“….Young people are hearing a lot of messaging around everything being ‘trauma.’ I think that is really dicey. I am not in favor of widening the clinical definition of trauma, because of the potential to look for trauma in places where it may not exist. And I feel people are also becoming more boundaried, shifting to this kind of cancel culture. Sometimes people think that cutting other people off is self-care, and they may be right. But sometimes you can have a conversation with someone and let them know they upset you, and work through it to have a stronger relationship as a result. I think people are losing those social skills involved in rupture and repair.”

For those who cannot afford therapy or just don’t want to be therapized, there are even worse options, such as taking advice from Dr Google. Online descriptions abound on how to recognize emotional abuse, gaslighting, and narcissism and support groups feed group (aka mob) mentality to “not take it.”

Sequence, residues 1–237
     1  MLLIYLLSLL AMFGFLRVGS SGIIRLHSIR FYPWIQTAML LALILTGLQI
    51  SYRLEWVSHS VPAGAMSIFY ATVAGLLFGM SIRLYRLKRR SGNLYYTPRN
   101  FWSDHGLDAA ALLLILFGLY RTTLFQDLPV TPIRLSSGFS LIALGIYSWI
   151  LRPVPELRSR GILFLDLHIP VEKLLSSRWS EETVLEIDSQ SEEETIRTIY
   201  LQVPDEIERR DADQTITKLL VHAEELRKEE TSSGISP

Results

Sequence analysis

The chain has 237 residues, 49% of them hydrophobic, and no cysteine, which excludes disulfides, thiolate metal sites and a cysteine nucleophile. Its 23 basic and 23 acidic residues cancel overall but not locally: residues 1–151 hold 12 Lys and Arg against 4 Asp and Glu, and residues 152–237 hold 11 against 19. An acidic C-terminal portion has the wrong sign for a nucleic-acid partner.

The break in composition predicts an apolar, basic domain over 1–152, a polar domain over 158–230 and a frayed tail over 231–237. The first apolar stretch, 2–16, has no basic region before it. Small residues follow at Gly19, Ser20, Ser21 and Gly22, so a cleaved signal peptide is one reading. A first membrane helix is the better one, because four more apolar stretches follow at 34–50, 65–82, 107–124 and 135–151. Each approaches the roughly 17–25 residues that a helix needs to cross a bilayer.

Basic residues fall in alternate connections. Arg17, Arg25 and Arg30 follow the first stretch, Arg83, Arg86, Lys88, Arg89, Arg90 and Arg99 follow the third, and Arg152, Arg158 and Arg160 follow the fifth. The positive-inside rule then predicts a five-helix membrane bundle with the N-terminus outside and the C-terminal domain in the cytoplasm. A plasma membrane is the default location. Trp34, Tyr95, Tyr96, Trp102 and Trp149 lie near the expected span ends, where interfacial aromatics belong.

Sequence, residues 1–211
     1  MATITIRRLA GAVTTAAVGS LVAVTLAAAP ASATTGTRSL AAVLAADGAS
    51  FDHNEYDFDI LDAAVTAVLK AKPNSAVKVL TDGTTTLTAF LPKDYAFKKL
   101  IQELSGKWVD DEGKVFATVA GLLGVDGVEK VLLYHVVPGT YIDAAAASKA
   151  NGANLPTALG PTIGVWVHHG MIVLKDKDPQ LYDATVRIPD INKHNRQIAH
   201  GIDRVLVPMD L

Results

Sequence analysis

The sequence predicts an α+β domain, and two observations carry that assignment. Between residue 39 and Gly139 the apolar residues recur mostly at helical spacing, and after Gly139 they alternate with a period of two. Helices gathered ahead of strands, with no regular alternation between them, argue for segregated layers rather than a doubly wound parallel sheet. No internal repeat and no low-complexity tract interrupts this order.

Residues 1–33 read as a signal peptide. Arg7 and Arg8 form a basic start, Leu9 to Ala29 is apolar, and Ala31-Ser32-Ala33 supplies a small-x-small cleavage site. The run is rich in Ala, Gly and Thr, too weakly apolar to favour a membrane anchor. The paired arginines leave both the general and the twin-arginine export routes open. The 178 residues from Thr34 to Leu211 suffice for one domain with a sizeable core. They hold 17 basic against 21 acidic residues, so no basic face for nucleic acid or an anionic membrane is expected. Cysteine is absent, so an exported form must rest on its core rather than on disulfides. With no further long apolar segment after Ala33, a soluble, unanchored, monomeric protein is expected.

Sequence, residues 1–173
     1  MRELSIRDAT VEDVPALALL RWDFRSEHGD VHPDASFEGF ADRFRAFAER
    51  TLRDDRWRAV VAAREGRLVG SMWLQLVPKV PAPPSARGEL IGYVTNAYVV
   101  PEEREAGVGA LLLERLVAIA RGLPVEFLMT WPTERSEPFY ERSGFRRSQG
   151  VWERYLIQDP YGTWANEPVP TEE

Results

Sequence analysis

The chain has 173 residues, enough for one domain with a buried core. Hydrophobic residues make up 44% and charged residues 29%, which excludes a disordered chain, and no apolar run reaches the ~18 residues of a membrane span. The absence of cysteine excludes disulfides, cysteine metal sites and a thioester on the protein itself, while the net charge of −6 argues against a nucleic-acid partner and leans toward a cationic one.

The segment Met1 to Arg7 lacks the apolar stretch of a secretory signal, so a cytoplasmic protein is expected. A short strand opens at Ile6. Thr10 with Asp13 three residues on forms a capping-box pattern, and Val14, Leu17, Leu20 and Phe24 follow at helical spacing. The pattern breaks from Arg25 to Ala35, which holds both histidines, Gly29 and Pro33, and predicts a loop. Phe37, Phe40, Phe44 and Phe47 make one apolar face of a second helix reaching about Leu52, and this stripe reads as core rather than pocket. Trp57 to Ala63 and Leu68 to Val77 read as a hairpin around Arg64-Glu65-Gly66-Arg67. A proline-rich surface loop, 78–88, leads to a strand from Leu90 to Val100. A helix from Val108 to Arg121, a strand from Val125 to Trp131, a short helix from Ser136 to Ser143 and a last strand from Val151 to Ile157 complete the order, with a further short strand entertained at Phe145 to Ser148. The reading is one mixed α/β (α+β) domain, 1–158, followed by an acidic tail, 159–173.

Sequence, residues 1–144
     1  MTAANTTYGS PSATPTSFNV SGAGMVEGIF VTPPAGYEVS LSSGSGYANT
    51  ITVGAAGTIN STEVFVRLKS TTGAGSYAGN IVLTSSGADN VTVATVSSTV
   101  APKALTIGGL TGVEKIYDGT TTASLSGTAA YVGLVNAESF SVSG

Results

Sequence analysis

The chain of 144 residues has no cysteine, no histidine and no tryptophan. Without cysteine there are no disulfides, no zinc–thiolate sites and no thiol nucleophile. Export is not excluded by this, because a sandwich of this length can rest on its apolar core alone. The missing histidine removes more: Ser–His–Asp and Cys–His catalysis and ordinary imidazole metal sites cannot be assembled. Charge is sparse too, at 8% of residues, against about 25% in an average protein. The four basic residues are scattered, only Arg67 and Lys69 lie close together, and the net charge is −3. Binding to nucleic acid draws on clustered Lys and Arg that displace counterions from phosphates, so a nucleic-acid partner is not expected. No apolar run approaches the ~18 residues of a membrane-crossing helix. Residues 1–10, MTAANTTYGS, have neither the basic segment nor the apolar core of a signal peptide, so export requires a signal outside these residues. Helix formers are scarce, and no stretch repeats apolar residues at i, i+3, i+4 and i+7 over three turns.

Contributing factors include economics and distance. Today, people marry later, if at all. Marriage is declining and the divorce rates remain high. That means more singles trying to support themselves. Many of our adult children move wherever they can earn a decent living, which often means moving out-of-state, cross county and even out of the country. Away from family.

In my day, grown adult kids called their parents regularly, if not out of love and true concern, at least out of a sense of duty. Not so today for many of us. Today, many adult children are choosing to remove and isolate themselves from their parent or parents and even from siblings